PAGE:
Are you looking for ways to make your furniture painting easier? Keep reading so you can discover some easy furniture painting tips that will save you time and frustration. These tips are from my 8+ years of experience in painting and flipping furniture for a profit.
Furniture Prep is Key
You can’t start to paint furniture without properly prepping your furniture. I know, you have heard you do not need to prep if you use chalk paint – WRONG! All furniture needs some type of prep, some more than others.
Cleaning is part of the prep and ALL furniture needs to be cleaned before you paint.
I consider furniture prep like building a good foundation for a house. You can’t just start the build until the foundation is set properly. And you can’t paint until the prep foundation is complete. Here is more in-depth information on How to prep furniture the proper way.
NO Can Furniture Painting
Painting furniture with a brush and dipping directly into the paint can will form build-up on the edges. That build-up leads to dried paint, rust, and other impurities getting into your paint. Nothing is worse than trying to pick out old paint clumps from a freshly painted piece of furniture.
The best thing to do is pour a small amount of the furniture paint into a clean container and paint from that container. Do not pour out too much paint, it is best to continually pour small amounts into your working container. This allows you to stir the paint as you go and not be left with a bunch of extra paint that needs to be poured back into the original paint container.
When you have finished the painting, pour the leftover paint back into the original paint can, making sure to strain it as you pour it back. This will keep all the impurities from going back into the paint can. See the video below on how I strain paint. This helps keep the paint free of debris and helps the paint to last longer.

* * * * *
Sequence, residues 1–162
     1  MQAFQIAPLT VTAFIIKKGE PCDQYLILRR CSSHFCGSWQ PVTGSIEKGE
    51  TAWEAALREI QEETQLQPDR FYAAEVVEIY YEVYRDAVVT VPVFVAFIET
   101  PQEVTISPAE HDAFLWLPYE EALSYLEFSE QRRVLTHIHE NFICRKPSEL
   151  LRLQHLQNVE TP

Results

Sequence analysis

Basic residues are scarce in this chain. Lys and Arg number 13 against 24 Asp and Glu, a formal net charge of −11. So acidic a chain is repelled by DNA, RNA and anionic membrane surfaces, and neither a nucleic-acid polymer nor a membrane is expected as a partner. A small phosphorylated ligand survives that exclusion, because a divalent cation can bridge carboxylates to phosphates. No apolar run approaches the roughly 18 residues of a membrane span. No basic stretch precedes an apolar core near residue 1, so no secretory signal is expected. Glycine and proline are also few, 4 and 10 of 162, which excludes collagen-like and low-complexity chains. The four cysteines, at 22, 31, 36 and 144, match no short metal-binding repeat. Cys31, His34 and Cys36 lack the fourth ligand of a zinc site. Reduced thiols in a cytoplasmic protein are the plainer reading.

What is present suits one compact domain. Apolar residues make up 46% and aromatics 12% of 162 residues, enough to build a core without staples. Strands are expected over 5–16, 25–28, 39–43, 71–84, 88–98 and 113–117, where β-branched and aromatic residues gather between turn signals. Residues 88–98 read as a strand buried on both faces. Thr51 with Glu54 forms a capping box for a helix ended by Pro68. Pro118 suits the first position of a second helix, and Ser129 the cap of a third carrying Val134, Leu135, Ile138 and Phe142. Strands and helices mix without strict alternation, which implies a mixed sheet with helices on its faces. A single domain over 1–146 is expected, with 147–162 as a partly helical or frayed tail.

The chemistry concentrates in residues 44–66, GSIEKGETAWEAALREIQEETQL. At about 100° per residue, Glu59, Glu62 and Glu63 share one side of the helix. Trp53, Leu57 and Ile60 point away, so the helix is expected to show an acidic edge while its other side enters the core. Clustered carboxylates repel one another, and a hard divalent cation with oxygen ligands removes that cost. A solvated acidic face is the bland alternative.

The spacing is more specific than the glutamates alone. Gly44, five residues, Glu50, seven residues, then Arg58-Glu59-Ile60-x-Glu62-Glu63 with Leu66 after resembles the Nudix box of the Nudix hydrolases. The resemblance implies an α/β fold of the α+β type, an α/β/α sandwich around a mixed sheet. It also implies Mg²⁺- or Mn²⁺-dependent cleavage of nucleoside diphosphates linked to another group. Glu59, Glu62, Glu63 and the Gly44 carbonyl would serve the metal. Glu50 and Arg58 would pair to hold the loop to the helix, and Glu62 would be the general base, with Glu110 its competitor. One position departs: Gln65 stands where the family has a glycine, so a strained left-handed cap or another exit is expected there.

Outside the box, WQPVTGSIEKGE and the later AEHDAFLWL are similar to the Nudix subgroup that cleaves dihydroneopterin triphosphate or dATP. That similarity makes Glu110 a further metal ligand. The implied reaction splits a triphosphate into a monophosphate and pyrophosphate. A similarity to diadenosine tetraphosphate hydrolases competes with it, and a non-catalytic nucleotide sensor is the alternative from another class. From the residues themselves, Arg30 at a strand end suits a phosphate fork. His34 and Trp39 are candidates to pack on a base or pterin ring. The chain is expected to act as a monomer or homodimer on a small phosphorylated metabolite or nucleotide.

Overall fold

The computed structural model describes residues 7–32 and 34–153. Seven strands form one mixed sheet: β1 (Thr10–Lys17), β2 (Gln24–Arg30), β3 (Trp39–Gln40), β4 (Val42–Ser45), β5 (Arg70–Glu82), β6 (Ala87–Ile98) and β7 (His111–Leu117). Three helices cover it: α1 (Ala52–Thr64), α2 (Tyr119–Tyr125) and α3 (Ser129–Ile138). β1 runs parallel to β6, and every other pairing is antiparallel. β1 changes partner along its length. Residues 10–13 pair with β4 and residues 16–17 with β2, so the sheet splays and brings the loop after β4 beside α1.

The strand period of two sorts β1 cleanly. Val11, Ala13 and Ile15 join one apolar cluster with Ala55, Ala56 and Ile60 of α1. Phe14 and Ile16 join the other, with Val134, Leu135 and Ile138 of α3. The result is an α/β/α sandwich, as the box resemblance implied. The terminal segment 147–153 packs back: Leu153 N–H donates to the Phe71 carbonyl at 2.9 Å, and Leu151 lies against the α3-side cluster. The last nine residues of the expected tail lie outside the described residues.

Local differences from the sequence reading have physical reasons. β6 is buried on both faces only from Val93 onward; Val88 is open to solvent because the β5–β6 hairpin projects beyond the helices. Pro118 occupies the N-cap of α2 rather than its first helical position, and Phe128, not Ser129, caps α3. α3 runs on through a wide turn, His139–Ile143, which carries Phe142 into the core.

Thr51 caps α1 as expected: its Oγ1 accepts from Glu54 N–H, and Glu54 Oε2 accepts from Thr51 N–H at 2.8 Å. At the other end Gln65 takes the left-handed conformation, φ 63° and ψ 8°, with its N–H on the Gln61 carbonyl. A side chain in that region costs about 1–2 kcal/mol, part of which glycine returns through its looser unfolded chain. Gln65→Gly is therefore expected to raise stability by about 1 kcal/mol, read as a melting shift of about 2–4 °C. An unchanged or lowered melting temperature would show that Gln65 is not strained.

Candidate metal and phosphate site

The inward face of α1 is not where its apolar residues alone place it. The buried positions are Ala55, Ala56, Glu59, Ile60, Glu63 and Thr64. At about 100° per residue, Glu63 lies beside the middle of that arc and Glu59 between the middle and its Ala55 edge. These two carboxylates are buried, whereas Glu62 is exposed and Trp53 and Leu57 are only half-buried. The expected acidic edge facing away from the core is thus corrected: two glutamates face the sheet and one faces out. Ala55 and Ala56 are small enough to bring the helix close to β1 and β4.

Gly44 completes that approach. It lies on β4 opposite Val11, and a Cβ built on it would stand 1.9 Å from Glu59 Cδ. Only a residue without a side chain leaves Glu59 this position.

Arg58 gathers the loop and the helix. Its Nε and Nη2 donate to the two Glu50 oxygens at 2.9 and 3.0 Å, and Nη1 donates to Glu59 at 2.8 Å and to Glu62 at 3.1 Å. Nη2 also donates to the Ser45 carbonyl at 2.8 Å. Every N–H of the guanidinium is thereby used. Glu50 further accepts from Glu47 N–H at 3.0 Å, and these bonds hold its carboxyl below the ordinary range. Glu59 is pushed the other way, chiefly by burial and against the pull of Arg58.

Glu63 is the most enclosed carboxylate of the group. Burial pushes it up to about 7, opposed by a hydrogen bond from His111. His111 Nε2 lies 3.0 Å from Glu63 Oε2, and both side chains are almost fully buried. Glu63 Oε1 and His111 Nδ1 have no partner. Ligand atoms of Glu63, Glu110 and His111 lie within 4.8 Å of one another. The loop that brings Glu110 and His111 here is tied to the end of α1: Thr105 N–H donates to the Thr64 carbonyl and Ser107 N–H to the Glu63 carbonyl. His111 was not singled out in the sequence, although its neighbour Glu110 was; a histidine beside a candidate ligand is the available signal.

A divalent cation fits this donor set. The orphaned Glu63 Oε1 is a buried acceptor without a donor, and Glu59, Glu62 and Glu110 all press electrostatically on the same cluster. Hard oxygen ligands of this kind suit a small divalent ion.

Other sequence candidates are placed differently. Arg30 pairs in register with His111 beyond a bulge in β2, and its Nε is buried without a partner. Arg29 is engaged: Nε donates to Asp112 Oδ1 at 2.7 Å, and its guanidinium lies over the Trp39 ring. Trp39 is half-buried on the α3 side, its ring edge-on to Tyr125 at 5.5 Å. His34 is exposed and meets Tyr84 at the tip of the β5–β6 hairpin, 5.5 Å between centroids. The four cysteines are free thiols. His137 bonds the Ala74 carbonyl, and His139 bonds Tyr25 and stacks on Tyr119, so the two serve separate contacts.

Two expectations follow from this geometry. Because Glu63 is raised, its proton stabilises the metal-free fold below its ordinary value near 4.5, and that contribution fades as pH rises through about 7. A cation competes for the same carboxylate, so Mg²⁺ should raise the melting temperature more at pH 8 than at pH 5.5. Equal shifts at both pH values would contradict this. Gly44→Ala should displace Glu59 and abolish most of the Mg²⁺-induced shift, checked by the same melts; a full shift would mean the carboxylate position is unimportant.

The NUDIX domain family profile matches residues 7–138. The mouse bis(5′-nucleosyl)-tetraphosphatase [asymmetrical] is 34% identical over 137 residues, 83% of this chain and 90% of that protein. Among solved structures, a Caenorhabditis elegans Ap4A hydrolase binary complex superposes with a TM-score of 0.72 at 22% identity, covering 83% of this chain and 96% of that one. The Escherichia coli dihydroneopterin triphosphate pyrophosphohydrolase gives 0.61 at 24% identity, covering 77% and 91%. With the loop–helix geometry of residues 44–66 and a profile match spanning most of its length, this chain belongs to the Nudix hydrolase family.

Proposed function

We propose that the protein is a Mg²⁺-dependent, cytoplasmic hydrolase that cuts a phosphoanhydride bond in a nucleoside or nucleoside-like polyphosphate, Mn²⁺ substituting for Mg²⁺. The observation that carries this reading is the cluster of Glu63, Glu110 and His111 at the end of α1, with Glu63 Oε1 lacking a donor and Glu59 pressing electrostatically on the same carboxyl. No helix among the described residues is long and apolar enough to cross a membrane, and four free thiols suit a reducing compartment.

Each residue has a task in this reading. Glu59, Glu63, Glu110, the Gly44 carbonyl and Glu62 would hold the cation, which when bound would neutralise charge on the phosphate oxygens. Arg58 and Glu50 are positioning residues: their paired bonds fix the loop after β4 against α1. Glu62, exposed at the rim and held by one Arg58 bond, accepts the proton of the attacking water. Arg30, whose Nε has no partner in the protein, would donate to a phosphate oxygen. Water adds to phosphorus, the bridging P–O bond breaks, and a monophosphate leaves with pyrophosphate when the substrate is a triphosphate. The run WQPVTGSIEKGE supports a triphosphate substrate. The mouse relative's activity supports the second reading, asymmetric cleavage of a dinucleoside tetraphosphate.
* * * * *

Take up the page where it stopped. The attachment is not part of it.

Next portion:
Straining Furniture Paint
Once your paint can have been used, always make sure to strain the paint before using it again. You can also see the amount of debris this saves from going onto my painted furniture.
Watch this quick video on how to strain your paint.
It is extremely important to strain all paint and more so if you are using a paint sprayer. This will save you the frustrations of debris clogging up the sprayer and potentially ruining it.
I have used the paper disposable strainers, and the mesh strainer part separates from the paper very easily. This creates more work and wastes a lot of paint by having to restrain again. I find it much easier to use these plastic mesh strainers instead of paper strainers.
Furniture Paint Containers
Some of your existing paint cans can be hard to close as they may have dried on paint or rusted lids. These FIFO squeezable containers are the bomb for storing paint. No more dealing with rusted paint lids.
Make sure you strain the paint as mentioned above as you transfer the opened paint to these containers. The other great bonus about these containers, it forces you to use a separate container to paint from. Just make sure you place a label on the FIFO container to list the paint brand and color.
Are you wanting to learn how to paint furniture and just can’t find the time in your busy schedule to go to a local workshop?
Frustrated with all the conflicting tutorials on “how–to” or “what products”?
Are you eager to learn a new paint technique and afraid you will mess it up?